Clorpropamida L.CH. Dosage
There is no fixed dosage regimen for the management of type 2 diabetes with Clorpropamida L.CH. (Clorpropamida L.CH.) or any other hypoglycemic agent. The patient's blood glucose must be monitored periodically to determine the minimum effective dose for the patient; to detect primary failure, i.e., inadequate lowering of blood glucose at the maximum recommended dose of medication; and to detect secondary failure, i.e., loss of an adequate blood glucose lowering response after an initial period of effectiveness. Glycosylated hemoglobin levels may also be of value in monitoring the patient's response to therapy.
Short-term administration of Clorpropamida L.CH. (Clorpropamida L.CH.) may be sufficient during periods of transient loss of control in patients usually controlled well on diet.
The total daily dosage is generally taken at a single time each morning with breakfast. Occasionally cases of gastrointestinal intolerance may be relieved by dividing the daily dosage. A LOADING OR PRIMING DOSE IS NOT NECESSARY AND SHOULD NOT BE USED.
Many mild to moderately severe, middle-aged, stable type 2 diabetes patients receiving insulin can be placed directly on the oral drug and their insulin abruptly discontinued. For patients requiring more than 40 units of insulin daily, therapy with Clorpropamida L.CH. (Clorpropamida L.CH.) may be initiated with a 50 per cent reduction in insulin for the first few days, with subsequent further reductions dependent upon the response.
During the initial period of therapy with Clorpropamida L.CH., hypoglycemic reactions may occasionally occur, particularly during the transition from insulin to the oral drug. Hypoglycemia within 24 hours after withdrawal of the intermediate or long-acting types of insulin will usually prove to be the result of insulin carry-over and not primarily due to the effect of Clorpropamida L.CH..
During the insulin withdrawal period, the patient should self-monitor glucose levels at least three times daily. If they are abnormal, the physician should be notified immediately. In some cases, it may be advisable to consider hospitalization during the transition period.
Five to seven days after the initial therapy, the blood level of Clorpropamida L.CH. reaches a plateau. Dosage may subsequently be adjusted upward or downward by increments of not more than 50 to 125 mg at intervals of three to five days to obtain optimal control. More frequent adjustments are usually undesirable.
Most moderately severe, middle-aged, stable type 2 diabetes patients are controlled by approximately 250 mg daily. Many investigators have found that some milder diabetics do well on daily doses of 100 mg or less. Many of the more severe diabetics may require 500 mg daily for adequate control. PATIENTS WHO DO NOT RESPOND COMPLETELY TO 500 MG DAILY WILL USUALLY NOT RESPOND TO HIGHER DOSES. MAINTENANCE DOSES ABOVE 750 mg DAILY SHOULD BE AVOIDED.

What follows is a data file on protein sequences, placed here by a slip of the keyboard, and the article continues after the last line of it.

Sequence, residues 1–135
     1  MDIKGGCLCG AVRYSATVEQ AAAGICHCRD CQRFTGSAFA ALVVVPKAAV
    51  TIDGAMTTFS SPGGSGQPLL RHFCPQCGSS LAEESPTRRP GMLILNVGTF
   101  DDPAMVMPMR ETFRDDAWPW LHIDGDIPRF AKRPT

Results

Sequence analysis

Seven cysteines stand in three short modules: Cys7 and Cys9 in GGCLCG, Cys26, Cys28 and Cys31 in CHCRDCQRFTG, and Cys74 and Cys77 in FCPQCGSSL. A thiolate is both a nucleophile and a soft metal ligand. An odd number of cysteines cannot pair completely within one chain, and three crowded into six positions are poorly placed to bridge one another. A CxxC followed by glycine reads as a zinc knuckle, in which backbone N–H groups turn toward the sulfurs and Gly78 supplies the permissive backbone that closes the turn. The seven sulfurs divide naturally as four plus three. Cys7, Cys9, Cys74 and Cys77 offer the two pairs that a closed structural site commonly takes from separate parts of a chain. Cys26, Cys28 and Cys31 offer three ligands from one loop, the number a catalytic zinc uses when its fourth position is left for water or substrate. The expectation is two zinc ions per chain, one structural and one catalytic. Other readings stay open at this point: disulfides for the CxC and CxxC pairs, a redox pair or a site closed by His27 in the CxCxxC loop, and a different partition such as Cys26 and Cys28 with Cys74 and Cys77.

|Strength||Tablet Description||Tablet Code||NDC||Package Size|
|Clorpropamida L.CH. (Clorpropamida L.CH.) 100 mg||Blue, D- shaped, scored||393||0069-3930-66||100's|
|Clorpropamida L.CH. (Clorpropamida L.CH.) 250 mg||Blue, D- shaped, scored||394|| 0069-3940-66 |
| 100's |
RECOMMENDED STORAGE: Store below 86°F (30°C).
Distributed by: Pfizer Labs, Division of Pfizer Inc, NY, NY, 10017
You may be more likely to have hyperglycemia (high blood sugar) if you are taking Clorpropamida L.CH. with other drugs that raise blood sugar, such as:
You may be more likely to have hypoglycemia (low blood sugar) if you are taking Clorpropamida L.CH. with other drugs that lower blood sugar, such as:
This list is not complete and other drugs may interact with Clorpropamida L.CH.. Tell your doctor about all medications you use. This includes prescription, over-the-counter, vitamin, and herbal products. Do not start a new medication without telling your doctor.
The following products can lead to hypoglycemia:
The hypoglycemic action of sulfonylurea may be potentiated by certain drugs including nonsteroidal anti-inflammatory agents and other drugs that are highly protein bound, salicylates, sulfonamides, chloramphenicol, probenecid, coumarins, monoamine oxidase inhibitors, and beta adrenergic blocking agents. When such drugs are administered to a patient receiving Clorpropamida L.CH. (Clorpropamida L.CH.), the patient should be observed closely for hypoglycemia. When such drugs are withdrawn from a patient receiving Clorpropamida L.CH. (Clorpropamida L.CH.), the patient should be observed closely for loss of control.
Miconazole: A potential interaction between oral miconazole and oral hypoglycemic agents leading to severe hypoglycemia has been reported. Whether this interaction also occurs with intravenous, topical, or vaginal preparations of miconazole is not known.
Alcohol: In some patients, a disulfiram-like reaction may be produced by the ingestion of alcohol. Moderate to large amounts of alcohol may increase the risk of hypoglycemia (ref.l), (ref. 2).
The following products can lead to hyperglycemia:
Certain drugs tend to produce hyperglycemia and may lead to loss of control. These drugs include the thiazides and other diuretics, corticosteroids, phenothiazines, thyroid products, estrogens, oral contraceptives, phenytoin, nicotinic acid, sympathomimetics, calcium channel blocking drugs, and isoniazid.
When such drugs are administered to a patient receiving Clorpropamida L.CH. (Clorpropamida L.CH.), the patient should be closely observed for loss of control. When such drugs are withdrawn from a patient receiving Clorpropamida L.CH. (Clorpropamida L.CH.), the patient should be observed closely for hypoglycemia.
Since animal studies suggest that the action of barbiturates may be prolonged by therapy with Clorpropamida L.CH., barbiturates should be employed with caution.
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Information checked by Dr. Sachin Kumar, MD Pharmacology